Of the two television series I watched in full last year, both were French and one was the first series of Lupin. Apparently this is the first of Netflix’ French series to hit the top ten in the US. It’s a ridiculously addictive mystery thriller with a great plot and style – with cuts between past, present and ‘how we got to this moment’ reveals – that’s made glorious by Omar Sy (who’s been worth tuning in for since the film Intouchables) as Assane Diop, a crafty conman-with-a-reason inspired by Arsène Lupin. Well worth getting into and its rapid-fire episodes make for addictive viewing. Just watch the French version with sub-titles though, the dubbed version is a pile of fecal matter as per.
I hope Tom Cruise has seen Amazon’s new series and wept a little – though I imagine there was probably some kind of buy-out required so he probably doesn’t give much of a scientologist’s damn – because this is exactly how readers wanted Jack Reacher portrayed. The question of casting the man-mountain that is Jack Reacher has long been a question and the Cruisester was never really the answer – aside from being on tip-toes in a school playground he was too inanely chatty. Alan Ritchson is not only a physical match but the first six/seven minutes pass before he says anything, after all: Reacher said nothing. Finding someone capable of both portraying Reacher’s imposing restraint and detailed break-downs can’t have been easy but Amazon seem to have got it spot-on here.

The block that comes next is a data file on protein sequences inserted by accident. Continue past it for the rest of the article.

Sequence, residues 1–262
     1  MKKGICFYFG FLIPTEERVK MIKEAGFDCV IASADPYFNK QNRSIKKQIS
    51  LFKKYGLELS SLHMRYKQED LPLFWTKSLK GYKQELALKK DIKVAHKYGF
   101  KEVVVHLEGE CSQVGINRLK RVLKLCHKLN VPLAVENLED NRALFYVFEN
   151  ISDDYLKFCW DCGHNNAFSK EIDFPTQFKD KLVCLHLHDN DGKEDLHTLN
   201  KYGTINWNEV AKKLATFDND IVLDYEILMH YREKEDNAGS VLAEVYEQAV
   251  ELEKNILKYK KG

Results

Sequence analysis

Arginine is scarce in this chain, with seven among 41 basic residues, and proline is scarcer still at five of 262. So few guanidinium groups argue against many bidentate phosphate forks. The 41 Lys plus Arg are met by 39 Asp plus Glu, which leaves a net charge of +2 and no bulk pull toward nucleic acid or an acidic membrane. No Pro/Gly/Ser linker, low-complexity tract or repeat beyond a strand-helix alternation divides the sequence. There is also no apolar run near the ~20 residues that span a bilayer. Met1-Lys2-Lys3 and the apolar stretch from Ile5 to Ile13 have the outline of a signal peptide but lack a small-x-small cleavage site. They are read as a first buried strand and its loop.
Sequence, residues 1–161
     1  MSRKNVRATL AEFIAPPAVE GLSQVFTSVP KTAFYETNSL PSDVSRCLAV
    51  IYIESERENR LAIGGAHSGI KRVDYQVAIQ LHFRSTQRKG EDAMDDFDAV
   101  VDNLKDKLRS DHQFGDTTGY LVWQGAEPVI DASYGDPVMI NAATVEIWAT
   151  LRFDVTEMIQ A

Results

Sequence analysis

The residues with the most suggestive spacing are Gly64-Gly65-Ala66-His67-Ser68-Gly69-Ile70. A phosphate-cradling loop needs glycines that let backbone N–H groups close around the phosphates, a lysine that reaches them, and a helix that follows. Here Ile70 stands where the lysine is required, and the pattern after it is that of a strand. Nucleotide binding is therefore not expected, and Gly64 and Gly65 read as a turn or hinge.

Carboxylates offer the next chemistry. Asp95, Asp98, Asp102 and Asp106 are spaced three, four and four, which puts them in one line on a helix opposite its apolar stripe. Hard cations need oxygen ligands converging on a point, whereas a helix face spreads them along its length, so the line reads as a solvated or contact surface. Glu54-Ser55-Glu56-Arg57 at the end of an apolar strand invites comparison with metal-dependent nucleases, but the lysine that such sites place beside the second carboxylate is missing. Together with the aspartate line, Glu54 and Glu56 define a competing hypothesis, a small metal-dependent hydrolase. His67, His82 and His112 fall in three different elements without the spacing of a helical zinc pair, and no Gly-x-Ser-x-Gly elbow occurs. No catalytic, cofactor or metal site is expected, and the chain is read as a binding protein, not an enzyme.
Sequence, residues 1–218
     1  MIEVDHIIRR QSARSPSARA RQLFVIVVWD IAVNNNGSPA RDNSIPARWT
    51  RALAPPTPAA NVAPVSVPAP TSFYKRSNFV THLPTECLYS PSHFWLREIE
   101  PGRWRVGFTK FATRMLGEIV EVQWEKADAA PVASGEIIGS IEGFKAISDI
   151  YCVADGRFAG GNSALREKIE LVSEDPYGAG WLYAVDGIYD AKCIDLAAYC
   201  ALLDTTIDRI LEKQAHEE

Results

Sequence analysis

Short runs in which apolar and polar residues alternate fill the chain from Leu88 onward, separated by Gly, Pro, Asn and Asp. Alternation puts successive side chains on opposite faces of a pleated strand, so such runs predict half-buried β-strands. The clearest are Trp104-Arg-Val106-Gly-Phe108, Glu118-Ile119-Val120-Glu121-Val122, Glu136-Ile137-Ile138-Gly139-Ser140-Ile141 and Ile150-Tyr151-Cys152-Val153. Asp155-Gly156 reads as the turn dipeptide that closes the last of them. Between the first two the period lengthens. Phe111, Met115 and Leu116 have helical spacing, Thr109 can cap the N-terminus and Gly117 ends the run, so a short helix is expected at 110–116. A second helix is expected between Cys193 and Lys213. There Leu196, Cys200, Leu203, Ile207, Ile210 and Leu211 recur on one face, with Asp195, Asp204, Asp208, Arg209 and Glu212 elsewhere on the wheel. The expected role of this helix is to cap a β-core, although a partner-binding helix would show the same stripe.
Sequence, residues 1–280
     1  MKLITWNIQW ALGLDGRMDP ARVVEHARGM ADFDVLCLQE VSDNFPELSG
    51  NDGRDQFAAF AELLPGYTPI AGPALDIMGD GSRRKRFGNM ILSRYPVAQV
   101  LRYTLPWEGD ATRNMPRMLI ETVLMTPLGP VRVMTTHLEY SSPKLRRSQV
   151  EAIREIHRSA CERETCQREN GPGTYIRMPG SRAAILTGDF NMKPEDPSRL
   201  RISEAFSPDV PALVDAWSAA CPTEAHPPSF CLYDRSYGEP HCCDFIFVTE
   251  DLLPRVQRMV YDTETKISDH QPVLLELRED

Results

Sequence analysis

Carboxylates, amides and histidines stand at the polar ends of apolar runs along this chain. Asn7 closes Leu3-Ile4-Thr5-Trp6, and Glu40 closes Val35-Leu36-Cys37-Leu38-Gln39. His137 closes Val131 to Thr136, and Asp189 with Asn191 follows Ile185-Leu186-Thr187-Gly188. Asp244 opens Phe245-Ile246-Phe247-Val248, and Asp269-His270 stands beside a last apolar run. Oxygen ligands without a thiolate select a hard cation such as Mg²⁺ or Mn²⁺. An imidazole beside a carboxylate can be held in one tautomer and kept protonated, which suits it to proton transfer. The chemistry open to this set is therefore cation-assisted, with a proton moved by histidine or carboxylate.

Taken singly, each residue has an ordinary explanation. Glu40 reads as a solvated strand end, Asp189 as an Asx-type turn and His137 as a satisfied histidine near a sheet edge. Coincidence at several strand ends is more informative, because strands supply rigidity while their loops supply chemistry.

This first series is a near perfectly-faithful eight episode take on the first Reacher novel The Killing Floor and there’s not a fault to be found with it. They’ve created a series that’s huge fun, packed with more punch-ups than a Clint Eastwood with an orang utan movie while always feeling like a top-quality bit of tv in terms of production values and a great blues-heavy soundtrack. In fact, I watched it twice! Very keen to find out which novel they’re tackling next.
468 minutes. 7.8 hours of footage of The Beatles restored and trimmed (!) into a three-part series that’s been the talking point of many a blog and article since it dropped. It took me a while to get to and get through as the chances of my having opportunity to enjoy one episode uninterrupted are on the same level as getting that call from Pearl Jam to offer guitar support on their next tour. Let alone all three episodes.